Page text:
White: Yeah, literally and metaphorically. I always try to have humor in there, because that’s my take on the human condition, there is always an element of absurdity and humor with whatever humans take on, and of course, my work is very much about having a humorous take on things.

Harris: In times like this, how important is humor?

White: Humor is always important, especially in times like this. It’s our number one survival tool. Without humor, you’re dead. You have to be able to laugh at things, laugh at yourself, laugh at the human condition, know that we’re all, on a certain level, fool, that all is vanity, and that people will always act out their ego, and the ego is one of the most absurd things there is. And humor is important, too, because it’s a great way to communicate. It’s a great way to break the ice. Once you get somebody laughing, they’re going to like you and they’re going to listen to what you have to say.

Harris: Is that what you’re hoping people take from your word paintings?

White: Very much so. I want to talk about the human condition without preaching. I want to find a common ground that everybody can agree, have a good laugh, and then maybe go a little deeper from there.

Harris: I was reading about your early career in New York. What was the city like when you got there from Chattanooga?

White: This was around 1981 or ‘82, so the city was still pretty funky back then, nothing like it is today. It was still the New York of old, pretty much just like it was in the 70s. It was quite a culture shock coming from Tennessee. I’ve visited a few times before. It was wild and wooly. And I liked that. I liked the myth of the country bumpkin coming into the big, mean city.

Harris: How did you end up working on Pee-Wee’s Playhouse?

Pee-Wee Herman with Wayne White

White: I went to school in Tennessee as a painting major at Middle Tennessee State University. There, I started doing puppet shows just as a goof. I would do them at keg parties or out on the street. Me and my friend Mike Quinn started doing them. He originally did some puppets for a class of his. To get out of doing some kind of term paper, he did a puppet show instead. So we took those puppets and turned them into a punk rock puppet show called Punk and Juicy. We considered it a kind of performance art. It was anti-puppet show. It was definitely a product of the times, that’s when punk rock just came out; Andy Kaufman, Mr. Bill on Saturday Night Live, this kind of violent deconstruction of puppetry. Anti-Muppets. I’d do a couple a year, and I kept doing them in New York at house parties. and then one of my friends back in Tennessee got a job at a local PBS station in Nashville, and they wanted to do a puppet show for kids and produce it there. And lo and behold, I got the job. I went back down from New York to Nashville and did my first professional show called Mrs. Cabobble’s Caboose. I did that, and I took that portfolio back to New York and showed it to Broadcast Arts, the production company that was doing Pee-Wee, and got a job on Pee-Wee’s Playhouse, and that was the big break in my career. It really changed everything for me.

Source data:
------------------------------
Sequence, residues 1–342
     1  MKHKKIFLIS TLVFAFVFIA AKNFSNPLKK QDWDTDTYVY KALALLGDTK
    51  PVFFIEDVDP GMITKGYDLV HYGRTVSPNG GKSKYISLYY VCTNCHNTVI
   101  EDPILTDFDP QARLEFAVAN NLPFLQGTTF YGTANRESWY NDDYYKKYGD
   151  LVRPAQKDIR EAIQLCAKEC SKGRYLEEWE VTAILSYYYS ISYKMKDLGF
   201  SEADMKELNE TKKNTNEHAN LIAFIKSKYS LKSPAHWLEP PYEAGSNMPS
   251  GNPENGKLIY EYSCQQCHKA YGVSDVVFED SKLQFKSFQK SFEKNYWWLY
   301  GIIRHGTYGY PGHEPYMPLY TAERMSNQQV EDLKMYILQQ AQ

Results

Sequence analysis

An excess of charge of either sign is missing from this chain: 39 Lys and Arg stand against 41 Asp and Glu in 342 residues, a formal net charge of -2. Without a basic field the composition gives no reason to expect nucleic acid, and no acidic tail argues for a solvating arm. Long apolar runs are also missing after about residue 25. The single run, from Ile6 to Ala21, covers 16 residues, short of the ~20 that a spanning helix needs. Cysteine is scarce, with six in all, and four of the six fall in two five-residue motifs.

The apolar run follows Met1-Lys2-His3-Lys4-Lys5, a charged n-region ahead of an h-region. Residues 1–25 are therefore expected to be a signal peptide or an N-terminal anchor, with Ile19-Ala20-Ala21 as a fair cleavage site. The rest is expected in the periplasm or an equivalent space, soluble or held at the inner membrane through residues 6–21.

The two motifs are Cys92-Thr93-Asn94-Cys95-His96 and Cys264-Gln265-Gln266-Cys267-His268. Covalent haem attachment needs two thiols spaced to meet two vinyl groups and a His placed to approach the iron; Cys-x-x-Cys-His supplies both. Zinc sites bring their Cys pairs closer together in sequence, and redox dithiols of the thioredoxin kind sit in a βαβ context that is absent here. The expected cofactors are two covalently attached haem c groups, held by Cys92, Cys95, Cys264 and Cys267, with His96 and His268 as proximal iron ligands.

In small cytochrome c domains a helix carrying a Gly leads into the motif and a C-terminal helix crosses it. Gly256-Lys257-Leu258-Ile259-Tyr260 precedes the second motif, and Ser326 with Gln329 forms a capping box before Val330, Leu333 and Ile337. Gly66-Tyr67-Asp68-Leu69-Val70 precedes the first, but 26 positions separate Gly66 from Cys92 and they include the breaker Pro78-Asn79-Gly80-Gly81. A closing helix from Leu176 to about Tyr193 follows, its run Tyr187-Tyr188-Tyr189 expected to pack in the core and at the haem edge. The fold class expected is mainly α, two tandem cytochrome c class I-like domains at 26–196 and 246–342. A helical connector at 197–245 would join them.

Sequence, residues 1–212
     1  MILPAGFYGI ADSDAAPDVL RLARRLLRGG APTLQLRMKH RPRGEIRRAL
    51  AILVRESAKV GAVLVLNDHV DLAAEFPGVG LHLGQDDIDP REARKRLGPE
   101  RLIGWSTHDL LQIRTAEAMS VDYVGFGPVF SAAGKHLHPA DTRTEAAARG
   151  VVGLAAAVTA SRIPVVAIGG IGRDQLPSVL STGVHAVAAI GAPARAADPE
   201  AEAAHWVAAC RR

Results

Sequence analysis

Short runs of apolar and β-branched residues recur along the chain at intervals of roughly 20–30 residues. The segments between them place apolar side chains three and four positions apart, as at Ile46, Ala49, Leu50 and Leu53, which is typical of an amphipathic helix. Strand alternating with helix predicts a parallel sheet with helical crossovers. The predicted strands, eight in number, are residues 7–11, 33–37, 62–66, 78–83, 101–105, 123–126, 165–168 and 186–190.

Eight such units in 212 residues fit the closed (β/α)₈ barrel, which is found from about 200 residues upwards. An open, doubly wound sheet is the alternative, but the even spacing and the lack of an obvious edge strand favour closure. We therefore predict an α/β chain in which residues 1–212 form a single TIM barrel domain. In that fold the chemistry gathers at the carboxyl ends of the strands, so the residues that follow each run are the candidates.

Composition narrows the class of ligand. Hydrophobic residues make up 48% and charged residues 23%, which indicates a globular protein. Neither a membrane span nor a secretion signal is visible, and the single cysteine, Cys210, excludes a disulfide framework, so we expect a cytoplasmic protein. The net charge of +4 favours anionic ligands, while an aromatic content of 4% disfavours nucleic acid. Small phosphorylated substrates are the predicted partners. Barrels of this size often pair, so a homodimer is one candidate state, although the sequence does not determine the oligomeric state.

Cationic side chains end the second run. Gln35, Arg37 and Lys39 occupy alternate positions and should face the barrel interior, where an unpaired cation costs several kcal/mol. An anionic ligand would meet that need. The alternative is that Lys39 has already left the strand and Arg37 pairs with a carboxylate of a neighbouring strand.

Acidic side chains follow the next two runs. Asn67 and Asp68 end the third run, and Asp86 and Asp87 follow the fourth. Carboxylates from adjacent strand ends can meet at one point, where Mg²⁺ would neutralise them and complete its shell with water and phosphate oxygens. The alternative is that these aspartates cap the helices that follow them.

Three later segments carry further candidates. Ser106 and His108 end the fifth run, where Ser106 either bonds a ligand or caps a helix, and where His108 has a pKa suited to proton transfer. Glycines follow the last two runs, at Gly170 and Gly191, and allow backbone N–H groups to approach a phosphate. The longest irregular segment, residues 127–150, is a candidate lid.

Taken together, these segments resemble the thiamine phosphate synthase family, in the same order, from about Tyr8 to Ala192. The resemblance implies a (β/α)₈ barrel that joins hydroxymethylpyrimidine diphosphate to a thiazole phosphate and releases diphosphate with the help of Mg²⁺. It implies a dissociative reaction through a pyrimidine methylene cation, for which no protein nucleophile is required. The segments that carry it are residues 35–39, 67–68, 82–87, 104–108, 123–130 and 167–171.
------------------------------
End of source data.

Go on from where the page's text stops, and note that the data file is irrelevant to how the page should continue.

Harris: When you were a kid growing up, who inspired you? 

White: Comic books, like most American kids, were a big inspiration of mine. Mad magazine was huge for me. I loved Mad and all the artists in it, and their attitude, their satire on the culture. Along with millions and millions of other kids, that really formed me a lot. I loved movies and TV shows, of course, it was a typical American childhood. There was no real art in Chattanooga, so I got my aesthetics from pop culture like most kids. I loved the Superman comics. I worshipped the movie Mary Poppins when it first came out, that just blew my mind. That was a big influence on me, especially Bert the Chimney Sweep drawing pictures on the sidewalk and then jumping into the picture.